Mad Men Meanders

Where are you going, my little Don, little Don?

Where are you going, my little Don, little Don?

Like a lot of people, I fell in love early with Mad Men.  I fell hard and fast.  And I hung in there even as the show seemed to forget its original premise and wander into areas (Betty in a fat suit!  Creepy suicidal British perv!) I had little interest in visiting.

But after binge-viewing  Season Six, I’m waking up and wondering just who I’m lying next to–Matthew Weiner or David Lynch.

The show still centers around Dapper Don Draper, the increasingly outdated Ken Doll of Madison Avenue–but seriously, how many different ways do we need to be reminded that he is an SOB?  Here he is breaking up a third marriage, engaging in sadomasochistic role-playing with his neighbor’s wife, punching out ministers in bars–really, nothing we haven’t seen him do before.  Meanwhile, he has stopped redeeming himself by coming up with brilliant, off the cuff ideas.  The bloom is off the rose, and soaking in 12-year scotch.

The rest of the ensemble–and there seems to be hundreds of them by now–keep churning on, piling plot upon plot in an increasingly desperate effort to keep us engaged.  To pull us back into the period, they keep throwing in vintage TV broadcasts and news stories so the shallow denizens of Madison Avenue can ‘react’.  You know you’re in trouble when the only way you can tell it’s 1968 is that Martin Luther King just got shot.  That, and the Monkees’ “Porpoise Song” is playing over the closing credits.

I’m reminded of David Lynch’s foray into television, Twin Peaks, and his Season One closer that not only failed to tie anything up, but actually spun the show off into new, even darker directions.  But Lynch is perverse, and takes glee in confounding/overloading his audience.  (They got their revenge by falling away in droves for Season Two, leading to the show’s early demise.)  I didn’t expect Mad Men to follow that path.

But it has.  Here is the plot synopsis for the final episode of MM’s sixth season.  (SPOILER ALERT:  You are reading an article about a television show.)

“Stan tells Don he is offering to relocate to California to support Sunkist and build a west coast presence for the agency “one desk at a time.” The agency receives an RFP from Hershey’s Chocolate and Jim assigns Don to make a pitch. Don tells Megan he wants to move to California after spending a night in jail and suggests she could pursue her acting career there. Pete receives a telegram saying that his mother has fallen from a cruise ship and is lost at sea, and later finds out she married nanny Manolo, whom Pete blames for pushing her off. Ted comes to Peggy’s apartment and says that he wants to leave his wife and be with her. Ted later reconsiders and decides he wants to move to California with his family, ostensibly to manage Sunkist but also to distance himself from his feelings for Peggy. Ted asks Don to approve the arrangement but is rejected. Don then makes a brilliant pitch to Hershey executives, but as they prepare to leave, Don reveals his real childhood — as an orphan raised in a brothel — to the room and tells Hershey’s they don’t need an ad campaign. He then decides to give Ted the Sunkist account. Ted informs Peggy and Don informs Megan of the Sunkist news, which infuriates both women. The partners have a meeting in the morning of Thanksgiving and tell Don that his unpredictable behavior has forced them to insist that he take a mandatory leave of absence of at least a few months, with Peggy filling in for Don due to Ted’s impending move to Los Angeles. Pete visits Trudy on Thanksgiving before catching a flight to Los Angeles, where he is moving. Joan invites Roger over for Thanksgiving dinner, but to be in Kevin’s life and not hers. Following the partners’ meeting, Don picks up his children and shows them the now-dilapidated brothel he grew up in. “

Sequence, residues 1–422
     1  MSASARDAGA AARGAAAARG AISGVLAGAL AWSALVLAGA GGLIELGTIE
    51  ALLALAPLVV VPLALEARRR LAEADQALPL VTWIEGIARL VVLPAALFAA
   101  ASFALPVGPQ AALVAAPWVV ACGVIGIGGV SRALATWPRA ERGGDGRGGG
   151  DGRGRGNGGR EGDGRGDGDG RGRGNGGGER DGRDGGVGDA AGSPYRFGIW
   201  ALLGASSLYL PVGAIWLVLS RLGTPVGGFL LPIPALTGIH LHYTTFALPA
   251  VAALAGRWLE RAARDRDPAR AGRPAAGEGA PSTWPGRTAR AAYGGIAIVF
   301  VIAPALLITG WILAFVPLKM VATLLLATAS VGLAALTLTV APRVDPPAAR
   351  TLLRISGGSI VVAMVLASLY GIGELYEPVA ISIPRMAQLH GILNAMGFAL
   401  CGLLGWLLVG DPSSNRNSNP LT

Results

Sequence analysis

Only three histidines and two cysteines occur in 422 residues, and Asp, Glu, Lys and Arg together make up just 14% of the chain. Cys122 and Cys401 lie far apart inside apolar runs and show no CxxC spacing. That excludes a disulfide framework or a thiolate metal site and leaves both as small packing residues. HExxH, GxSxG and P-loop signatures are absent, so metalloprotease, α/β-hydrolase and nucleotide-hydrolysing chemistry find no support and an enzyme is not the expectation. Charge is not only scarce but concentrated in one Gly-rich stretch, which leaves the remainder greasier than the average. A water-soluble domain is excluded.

OK, seriously?  All this happens in fifty minutes?  And it solves anything?

Don’t get me wrong.  I don’t want everything tied up in a neat little bow at the end.  But Season Six spun out of control, introducing characters like Bob Benson, a Tom Ripley sort who deserves his own series; Manolo, his probable lover who murders old women for their presumed inheritance;  Sylvia Rosen, whose main purpose is to show yet another ugly side of Don Draper as he imprisons her as his sex toy in an uptown hotel; and her even more hapless husband Dr. Arnold Rosen, a world-famous surgeon who, as this season’s Jew, is money-obsessed and clueless to his wife’s infidelity.

It would be easier to take if I thought any of these people were likely to reappear in Season Seven, but I have my doubts.

A redemption of sorts is offered in the last few minutes of the final episode, when Don Comes Out as just another kid with a screwed-up childhood–first at the office in front of an important client, earning him a leave of absence; and then with his daughter, leading to–blackout.  We’re done until Season Seven.

Leaving viewers with the queasy decision faced by Sylvia–will we check out of that uptown hotel, or be back for more?

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